After a couple of months sniffing and capturing information, Egerstad was faced with a moral dilemma: what to do with all the intercepted passwords and emails.He later removed the information from his blog, says the hard drives are "long gone"; also, there don't appear to be any public mirrors of the data. Nonetheless, the incident got him arrested and his hardware confiscated.
If he turned his findings over to the Swedish authorities, his experiment might be used by his country's intelligence services to continue monitoring the compromised accounts. That was a little too close to espionage for his liking.
So Egerstad set about notifying the affected governments. He approached a few, but the only one to respond was Iran. "They wanted to know everything I knew," he says. "That's the only response I got, except a couple of calls from the Swedish security police, but that was pretty much all the response I got from any authority."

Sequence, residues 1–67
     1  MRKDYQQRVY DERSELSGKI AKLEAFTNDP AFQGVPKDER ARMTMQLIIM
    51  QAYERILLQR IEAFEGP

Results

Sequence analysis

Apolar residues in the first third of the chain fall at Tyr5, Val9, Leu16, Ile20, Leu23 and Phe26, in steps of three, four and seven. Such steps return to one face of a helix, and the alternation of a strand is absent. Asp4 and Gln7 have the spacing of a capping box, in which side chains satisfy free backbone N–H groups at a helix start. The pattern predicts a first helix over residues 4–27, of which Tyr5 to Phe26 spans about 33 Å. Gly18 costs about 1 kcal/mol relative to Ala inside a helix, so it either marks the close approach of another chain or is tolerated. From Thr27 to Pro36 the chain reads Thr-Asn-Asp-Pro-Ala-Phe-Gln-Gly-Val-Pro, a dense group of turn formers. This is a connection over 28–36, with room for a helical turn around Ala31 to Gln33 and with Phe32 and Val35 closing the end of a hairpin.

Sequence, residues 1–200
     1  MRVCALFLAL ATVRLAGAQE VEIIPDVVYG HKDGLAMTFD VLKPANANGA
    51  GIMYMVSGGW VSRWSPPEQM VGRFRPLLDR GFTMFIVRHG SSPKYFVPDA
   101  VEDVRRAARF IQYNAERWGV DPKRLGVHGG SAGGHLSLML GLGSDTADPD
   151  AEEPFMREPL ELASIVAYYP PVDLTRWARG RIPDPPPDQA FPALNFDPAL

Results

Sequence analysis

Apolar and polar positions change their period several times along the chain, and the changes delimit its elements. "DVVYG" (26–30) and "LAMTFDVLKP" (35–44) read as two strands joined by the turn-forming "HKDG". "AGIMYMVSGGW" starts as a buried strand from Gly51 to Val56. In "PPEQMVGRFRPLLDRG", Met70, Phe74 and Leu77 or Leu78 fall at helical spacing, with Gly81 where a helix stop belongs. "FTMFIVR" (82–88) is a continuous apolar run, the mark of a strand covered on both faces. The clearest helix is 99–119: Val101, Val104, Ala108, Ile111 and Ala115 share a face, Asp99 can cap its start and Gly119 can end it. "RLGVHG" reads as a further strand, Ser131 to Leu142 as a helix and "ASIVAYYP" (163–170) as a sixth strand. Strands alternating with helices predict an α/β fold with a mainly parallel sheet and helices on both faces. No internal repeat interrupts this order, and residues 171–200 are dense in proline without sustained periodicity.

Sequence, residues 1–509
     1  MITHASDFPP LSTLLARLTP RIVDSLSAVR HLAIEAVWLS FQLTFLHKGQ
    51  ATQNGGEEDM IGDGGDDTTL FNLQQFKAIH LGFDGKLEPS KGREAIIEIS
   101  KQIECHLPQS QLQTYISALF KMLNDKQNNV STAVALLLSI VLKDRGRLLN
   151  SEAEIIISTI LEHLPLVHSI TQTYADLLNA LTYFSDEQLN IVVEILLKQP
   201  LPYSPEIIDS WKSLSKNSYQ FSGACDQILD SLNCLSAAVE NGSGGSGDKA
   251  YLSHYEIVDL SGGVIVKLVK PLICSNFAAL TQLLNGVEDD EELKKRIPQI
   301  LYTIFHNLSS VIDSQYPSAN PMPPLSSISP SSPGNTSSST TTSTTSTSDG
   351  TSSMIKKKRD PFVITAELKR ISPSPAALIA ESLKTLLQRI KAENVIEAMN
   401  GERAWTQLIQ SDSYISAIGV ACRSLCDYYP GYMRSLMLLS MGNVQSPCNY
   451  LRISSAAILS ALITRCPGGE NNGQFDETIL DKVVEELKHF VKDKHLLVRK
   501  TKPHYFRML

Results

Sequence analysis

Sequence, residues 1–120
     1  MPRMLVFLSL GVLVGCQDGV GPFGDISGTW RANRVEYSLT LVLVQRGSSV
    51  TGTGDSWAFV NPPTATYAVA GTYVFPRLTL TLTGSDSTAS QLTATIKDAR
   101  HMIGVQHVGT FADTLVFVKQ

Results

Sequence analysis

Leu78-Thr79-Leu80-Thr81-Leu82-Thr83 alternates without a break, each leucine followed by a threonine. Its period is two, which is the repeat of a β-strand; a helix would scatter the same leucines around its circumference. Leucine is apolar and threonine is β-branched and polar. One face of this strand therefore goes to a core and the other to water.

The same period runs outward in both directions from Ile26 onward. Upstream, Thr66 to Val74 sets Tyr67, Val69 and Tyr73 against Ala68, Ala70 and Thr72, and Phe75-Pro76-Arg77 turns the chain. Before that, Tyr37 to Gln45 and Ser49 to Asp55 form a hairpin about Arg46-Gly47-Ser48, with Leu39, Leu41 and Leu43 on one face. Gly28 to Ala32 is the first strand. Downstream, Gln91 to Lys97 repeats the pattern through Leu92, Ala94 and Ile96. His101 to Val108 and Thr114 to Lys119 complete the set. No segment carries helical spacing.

Frustrated by the lack of a response, Egerstad's next step caused high anxiety for government staffers - and perhaps intelligence services - across the globe. He posted 100 email log-ins and passwords on his blog, DEranged Security. "I just ended up (saying) 'Screw it, I'm just going to put it online and see what happens'."
However, Egerstad now believes the victims of his experiment may not have been using Tor. It's quite possible he stumbled on an underground intelligence gathering exercise, carried out by parties unknown.Here's Bruce Schneier's commentary on the case.
"The whole point of the story that has been forgotten, and I haven't said much about it, (is that) many of these accounts had been compromised," he says. "The logins I caught were not legit users but actual hackers who'd been reading these accounts."
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